That seemed to coincide well with my libertarianism. Libertarians also want to reduce conflict over scarce resources. In libertarian philosophy, nobody ought to be compelled to associate with anyone else. People should be free to exercise complete control over their own person and property. If blacks are committing crimes, or Jews are spreading communism, discriminating against them is the right of any property owner. The fact that he may or may not miss out on good blacks or Jews is a risk he takes, and the merit of his decisions will be proven out by the market. Since a libertarian society would permit this, it seemed foolish that I should be compelled to support a democratic government policy which did not.

It was only after all this that Donald Trump seemed worth taking seriously. At first I thought he was a ridiculous clown trying to sell books. I thought the whole birther thing was ridiculous, even though I thought Obama was a terrible President. When I saw everyone calling him a racist for trying to secure the border, I found myself with another big red pill stuck in my throat.

The Alt Right is not entirely based on ideas. It is primarily an identitarian movement. We are coming together around our race, because the evolutionary psychology, and behavioral pathologies of homogeneous peoples seem to be less in conflict than those of diverse peoples. It seems diversity is not in fact our strength, but a weakness, proven out by all the racial tensions currently plaguing America.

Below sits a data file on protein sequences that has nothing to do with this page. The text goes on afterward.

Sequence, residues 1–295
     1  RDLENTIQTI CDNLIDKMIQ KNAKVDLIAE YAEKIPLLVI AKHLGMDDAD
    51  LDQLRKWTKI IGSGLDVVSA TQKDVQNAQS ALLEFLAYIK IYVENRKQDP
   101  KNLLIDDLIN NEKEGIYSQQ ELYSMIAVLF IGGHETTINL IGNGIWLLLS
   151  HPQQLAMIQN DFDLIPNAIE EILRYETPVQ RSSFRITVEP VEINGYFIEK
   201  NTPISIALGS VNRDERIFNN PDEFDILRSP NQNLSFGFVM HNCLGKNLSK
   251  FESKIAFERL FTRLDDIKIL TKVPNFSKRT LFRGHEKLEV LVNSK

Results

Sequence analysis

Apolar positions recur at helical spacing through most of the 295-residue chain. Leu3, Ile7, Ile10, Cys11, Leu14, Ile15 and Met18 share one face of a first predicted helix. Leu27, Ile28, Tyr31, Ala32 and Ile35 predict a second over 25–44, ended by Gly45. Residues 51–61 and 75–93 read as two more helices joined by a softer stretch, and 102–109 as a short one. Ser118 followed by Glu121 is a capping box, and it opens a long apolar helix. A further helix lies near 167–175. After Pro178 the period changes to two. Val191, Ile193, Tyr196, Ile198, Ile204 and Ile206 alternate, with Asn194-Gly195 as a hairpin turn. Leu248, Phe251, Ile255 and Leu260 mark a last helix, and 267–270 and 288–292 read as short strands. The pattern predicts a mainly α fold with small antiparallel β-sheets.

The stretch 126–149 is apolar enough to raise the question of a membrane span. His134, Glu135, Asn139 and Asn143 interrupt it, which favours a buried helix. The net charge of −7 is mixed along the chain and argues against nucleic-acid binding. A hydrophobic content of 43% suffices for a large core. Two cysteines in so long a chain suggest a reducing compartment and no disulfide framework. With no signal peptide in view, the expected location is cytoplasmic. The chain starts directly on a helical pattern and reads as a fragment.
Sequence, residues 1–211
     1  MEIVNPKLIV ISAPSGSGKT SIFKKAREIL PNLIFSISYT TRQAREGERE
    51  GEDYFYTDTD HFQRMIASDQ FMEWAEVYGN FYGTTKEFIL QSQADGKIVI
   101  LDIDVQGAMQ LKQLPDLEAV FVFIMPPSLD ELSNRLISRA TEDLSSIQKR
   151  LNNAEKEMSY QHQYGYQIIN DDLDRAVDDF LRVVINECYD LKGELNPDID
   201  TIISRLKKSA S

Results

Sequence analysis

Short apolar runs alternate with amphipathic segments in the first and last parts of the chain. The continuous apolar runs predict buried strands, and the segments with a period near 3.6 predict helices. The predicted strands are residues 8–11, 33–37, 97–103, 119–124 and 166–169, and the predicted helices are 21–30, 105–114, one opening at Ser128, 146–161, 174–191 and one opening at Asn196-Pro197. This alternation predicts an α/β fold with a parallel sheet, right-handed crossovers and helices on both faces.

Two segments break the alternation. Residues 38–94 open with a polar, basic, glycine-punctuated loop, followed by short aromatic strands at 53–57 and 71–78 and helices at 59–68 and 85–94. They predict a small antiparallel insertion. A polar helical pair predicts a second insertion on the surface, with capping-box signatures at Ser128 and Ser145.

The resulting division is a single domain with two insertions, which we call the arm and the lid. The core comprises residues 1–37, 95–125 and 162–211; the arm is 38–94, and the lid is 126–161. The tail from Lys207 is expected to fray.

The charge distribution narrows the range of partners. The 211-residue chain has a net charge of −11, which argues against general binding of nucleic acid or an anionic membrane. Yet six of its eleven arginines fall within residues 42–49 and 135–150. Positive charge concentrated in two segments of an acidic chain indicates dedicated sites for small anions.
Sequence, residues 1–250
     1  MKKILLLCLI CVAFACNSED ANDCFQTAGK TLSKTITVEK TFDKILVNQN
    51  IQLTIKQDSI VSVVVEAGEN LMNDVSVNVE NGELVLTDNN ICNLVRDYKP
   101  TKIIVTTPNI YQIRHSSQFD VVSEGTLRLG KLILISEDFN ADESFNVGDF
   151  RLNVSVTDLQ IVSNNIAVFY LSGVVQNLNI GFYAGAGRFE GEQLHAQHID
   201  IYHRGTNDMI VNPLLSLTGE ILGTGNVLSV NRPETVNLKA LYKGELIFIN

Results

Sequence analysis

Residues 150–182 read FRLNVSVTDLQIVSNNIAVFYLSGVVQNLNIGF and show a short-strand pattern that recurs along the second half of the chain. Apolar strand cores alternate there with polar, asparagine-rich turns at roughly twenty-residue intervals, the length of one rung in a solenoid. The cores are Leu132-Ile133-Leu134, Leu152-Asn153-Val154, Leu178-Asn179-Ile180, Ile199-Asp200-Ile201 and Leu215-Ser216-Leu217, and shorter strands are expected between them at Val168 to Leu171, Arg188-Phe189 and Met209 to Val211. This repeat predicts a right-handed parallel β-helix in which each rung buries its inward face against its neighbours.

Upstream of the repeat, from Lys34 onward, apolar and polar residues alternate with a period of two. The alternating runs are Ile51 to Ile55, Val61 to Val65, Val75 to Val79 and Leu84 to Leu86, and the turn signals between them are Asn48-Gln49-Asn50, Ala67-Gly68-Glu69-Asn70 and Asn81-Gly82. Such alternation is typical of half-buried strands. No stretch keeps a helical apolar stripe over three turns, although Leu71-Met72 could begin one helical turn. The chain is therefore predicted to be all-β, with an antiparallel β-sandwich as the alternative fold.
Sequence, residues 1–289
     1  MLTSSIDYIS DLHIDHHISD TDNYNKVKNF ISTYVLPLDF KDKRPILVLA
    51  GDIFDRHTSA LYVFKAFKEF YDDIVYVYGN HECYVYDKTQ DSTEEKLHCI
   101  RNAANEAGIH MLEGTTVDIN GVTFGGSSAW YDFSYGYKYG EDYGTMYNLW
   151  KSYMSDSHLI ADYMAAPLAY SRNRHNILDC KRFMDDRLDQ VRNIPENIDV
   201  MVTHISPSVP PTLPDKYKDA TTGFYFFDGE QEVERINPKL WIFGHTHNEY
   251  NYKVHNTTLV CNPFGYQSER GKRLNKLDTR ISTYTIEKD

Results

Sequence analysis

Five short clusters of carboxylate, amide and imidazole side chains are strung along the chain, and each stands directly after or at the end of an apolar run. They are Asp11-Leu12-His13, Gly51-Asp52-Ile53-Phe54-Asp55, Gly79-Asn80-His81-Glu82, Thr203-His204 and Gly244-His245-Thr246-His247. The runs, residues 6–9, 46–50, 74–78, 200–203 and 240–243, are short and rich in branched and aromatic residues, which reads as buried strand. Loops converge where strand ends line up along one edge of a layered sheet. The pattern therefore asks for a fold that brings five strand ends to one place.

Suggesting that white nationalists are hateful or violent is absurd. We simply want to be at peace with our neighbors. We want out of the diversity imposed chaos of modern America. While ideas on trade policy differ dramatically within the alt right, I think it an important part of foreign policy to have good trade relations with other peoples, because if goods do not cross borders, armies will.

The only reason there is angry or violent rhetoric from me and other alt righters is because we are so violently resisted in our efforts to bring about a more harmonious society. The fact that I am losing access to communications and financial systems right now, just because I’m a white nationalist seems to prove my theory.

Sure, I pepper sprayed somebody. If I had pepper sprayed some old woman and stole her purse, do you think the national news would be calling me a monster? No. This is only happening because I am white and I want to live with other white people.


It is also for these reasons that I have abandoned my hostilities towards law enforcement.


Christopher Cantwell is a former political prisoner, and current host of the Radical Agenda. The most entertaining podcast of the Alt Right.